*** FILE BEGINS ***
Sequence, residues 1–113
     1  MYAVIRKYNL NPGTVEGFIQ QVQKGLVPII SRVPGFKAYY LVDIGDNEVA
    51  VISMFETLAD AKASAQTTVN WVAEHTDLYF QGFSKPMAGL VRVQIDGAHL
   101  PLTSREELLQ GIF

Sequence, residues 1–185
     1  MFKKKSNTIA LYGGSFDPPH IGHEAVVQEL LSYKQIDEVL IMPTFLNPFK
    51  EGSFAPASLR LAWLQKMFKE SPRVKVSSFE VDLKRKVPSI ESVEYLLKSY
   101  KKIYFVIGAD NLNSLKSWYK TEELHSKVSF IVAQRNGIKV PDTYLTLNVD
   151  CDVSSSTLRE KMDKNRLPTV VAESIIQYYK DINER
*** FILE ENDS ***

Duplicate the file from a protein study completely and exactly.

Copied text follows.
Sequence, residues 1–113
     1  MYAVIRKYNL NPGTVEGFIQ QVQKGLVPII SRVPGFKAYY LVDIGDNEVA
    51  VISMFETLAD AKASAQTTVN WVAEHTDLYF QGFSKPMAGL VRVQIDGAHL
   101  PLTSREELLQ GIF

Sequence, residues 1–185
     1  MFKKKSNTIA LYGGSFDPPH IGHEAVVQEL LSYKQIDEVL IMPTFLNPFK
    51  EGSFAPASLR LAWLQKMFKE SPRVKVSSFE VDLKRKVPSI ESVEYLLKSY
   101  KKIYFVIGAD NLNSLKSWYK TEELHSKVSF IVAQRNGIKV PDTYLTLNVD
   151  CDVSSSTLRE KMDKNRLPTV VAESIIQYYK DINER